Brushing

Caring For Teeth - Brushing

Brushing is the most effective way to remove harmful food and bacteria from your child’s teeth and gums.  Brushing in a timely manner after eating prevents the food and bacteria from causing harmful acids which eventually break down the teeth.

As parents, you should clean your child’s teeth starting at birth.  You can wipe your baby’s gum tissue following feedings with a wet washcloth.  Once teeth have erupted, a soft baby toothbrush can be used with non-fluoridated toothpaste to brush your child’s teeth after mealtime.  Children will need their parents help brushing their teeth until they develop the manual dexterity to brush their own teeth effectively.

Once your child can effectively spit out their toothpaste, you may begin using a fluoridated toothpaste to brush.  You only need to place a pea-size amount of toothpaste on the brush and attempt to brush for 1-2 minutes.  Singing songs or using a timer may help your child brush for the necessary length of time.

It is best to brush really well in the morning following breakfast and again at night right before bedtime.  It is also recommended that your child brush or at least rinse their teeth with water after any other meals/snacks throughout the day.

Flossing

Flossing is the only method to remove plaque and bacteria from in-between the teeth that can not be reached by the toothbrush.  Floss is made of a synthetic cord which is inserted and moved in-between the sides of two adjoining teeth.  Flossing will remove the plaque and bacteria which cause harmful cavity-causing acids between the teeth.  It’s never too early to begin flossing your child’s teeth.  Flossing on a regular basis will increase blood supply to the gum tissue reducing the chances of developing cavities and gum-disease (gingivitis, periodontal disease).

Fluoride

Fluoride is recommended by the American Dental Association and American Academy of Pediatric Dentistry as a safe and effective adjunct in reducing the risk of cavities.  Fluoride, which is found in city drinking water, many food products, and toothpastes/mouth rinses, is absorbed into and strengthens tooth enamel.  In the office, we use a fluoride varnish which is applied directly to the teeth to boost fluoride intake of the enamel.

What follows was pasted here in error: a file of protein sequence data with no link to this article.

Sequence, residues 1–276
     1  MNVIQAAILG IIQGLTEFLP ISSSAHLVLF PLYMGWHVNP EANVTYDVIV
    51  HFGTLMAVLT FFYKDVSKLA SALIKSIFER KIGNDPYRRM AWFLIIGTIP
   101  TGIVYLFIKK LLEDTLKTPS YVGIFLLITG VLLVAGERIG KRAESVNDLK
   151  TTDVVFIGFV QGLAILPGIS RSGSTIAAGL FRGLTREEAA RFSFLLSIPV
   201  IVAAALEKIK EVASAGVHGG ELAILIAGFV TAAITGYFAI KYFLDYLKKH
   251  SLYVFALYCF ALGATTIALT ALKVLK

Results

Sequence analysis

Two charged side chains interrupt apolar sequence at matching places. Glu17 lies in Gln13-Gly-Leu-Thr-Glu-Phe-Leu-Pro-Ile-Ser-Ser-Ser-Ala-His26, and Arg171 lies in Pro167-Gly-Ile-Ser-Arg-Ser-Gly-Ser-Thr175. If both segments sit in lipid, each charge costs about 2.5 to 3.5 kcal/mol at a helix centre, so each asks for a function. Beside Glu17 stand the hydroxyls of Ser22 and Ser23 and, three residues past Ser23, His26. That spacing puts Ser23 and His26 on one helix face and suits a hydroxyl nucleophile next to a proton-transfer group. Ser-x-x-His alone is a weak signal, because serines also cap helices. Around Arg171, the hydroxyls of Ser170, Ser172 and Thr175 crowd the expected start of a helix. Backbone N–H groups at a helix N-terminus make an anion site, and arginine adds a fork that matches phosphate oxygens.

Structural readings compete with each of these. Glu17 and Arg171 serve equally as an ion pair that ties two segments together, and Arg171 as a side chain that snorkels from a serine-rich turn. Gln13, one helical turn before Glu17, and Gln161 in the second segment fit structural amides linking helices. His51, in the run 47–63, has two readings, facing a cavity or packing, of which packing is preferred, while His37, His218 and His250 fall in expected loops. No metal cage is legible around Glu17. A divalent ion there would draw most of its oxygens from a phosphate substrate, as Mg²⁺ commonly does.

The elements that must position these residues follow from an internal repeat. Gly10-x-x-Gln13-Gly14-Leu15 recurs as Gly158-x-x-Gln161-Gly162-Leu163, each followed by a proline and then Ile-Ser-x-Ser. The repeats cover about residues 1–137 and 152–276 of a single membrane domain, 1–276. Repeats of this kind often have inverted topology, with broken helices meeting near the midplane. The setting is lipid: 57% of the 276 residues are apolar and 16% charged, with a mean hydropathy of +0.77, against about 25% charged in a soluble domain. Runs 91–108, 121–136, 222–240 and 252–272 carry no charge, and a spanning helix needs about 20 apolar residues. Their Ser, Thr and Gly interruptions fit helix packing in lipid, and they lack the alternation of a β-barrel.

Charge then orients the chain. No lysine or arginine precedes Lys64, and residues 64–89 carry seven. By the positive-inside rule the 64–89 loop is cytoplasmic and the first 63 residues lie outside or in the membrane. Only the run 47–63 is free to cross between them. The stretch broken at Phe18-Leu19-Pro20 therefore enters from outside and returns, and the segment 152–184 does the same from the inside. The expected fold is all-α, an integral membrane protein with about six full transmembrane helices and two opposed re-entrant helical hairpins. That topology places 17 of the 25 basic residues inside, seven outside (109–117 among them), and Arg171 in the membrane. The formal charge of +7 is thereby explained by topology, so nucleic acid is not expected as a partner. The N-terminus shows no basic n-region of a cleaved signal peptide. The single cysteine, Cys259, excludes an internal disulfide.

Mouth Rinses

Mouth rinses have many benefits to your teeth and gums such as freshening breath, preventing or controlling tooth decay, reducing plaque and gingivitis, and reducing the formation of plaque or tartar on the teeth.

Most mouth rinses are available without a prescription.  It can be used before or after brushing and flossing, but is not a substitute for brushing or flossing.  The use of a fluoride mouth rinse is not recommended for patients who can not spit it back out after rinsing.  When buying a quality mouth rinse, it is important to look for the ADA seal statement in a box on the product label which assures that the product has been evaluated for its safety and effectiveness.

Sealants

Sealants are a tough, plastic material that protect the grooved and pitted surfaces of the teeth, especially the chewing surfaces of the back teeth where most cavities in children are found.  Sealant application is quick, easy, and can be completed at your child’s initial or recall visit.  The tooth is first cleaned, then a sealant material is brushed onto the grooves of the tooth and hardened with a special curing light.  Sealants do not last forever and will need to be replaced as they wear away from the tooth surface.

Diet

A balanced diet is important for your child’s overall health and dental health.  It is important to eat a variety of foods from each of the five major food groups: breads/cereals/grain products, fruits, vegetables, meat/poultry/fish, and milk/cheese/yogurt.

Foods and drinks that are eaten as part of a meal cause less harm to the teeth.  More saliva is produced when eating a meal which helps wash foods from the mouth and helps lessen the harmful effects of acids on the teeth.

Children should eat healthy snacks in between meals such as cheese, raw vegetables, plain yogurt or a piece of fruit.  If less healthy snacks/drinks with a lot of sugar are introduced in between meals, there is a higher chance of the sugar causing tooth decay.  Each time you eat food or drinks with sugar, the teeth are attacked by acids for 20 minutes or more.  The American Academy of Pediatrics recommends only 6-8 ounces (1 cup) of juice for children per day.  Juice and milk should be given at mealtime only, and in between meals, if your child is thirsty, they should drink only water.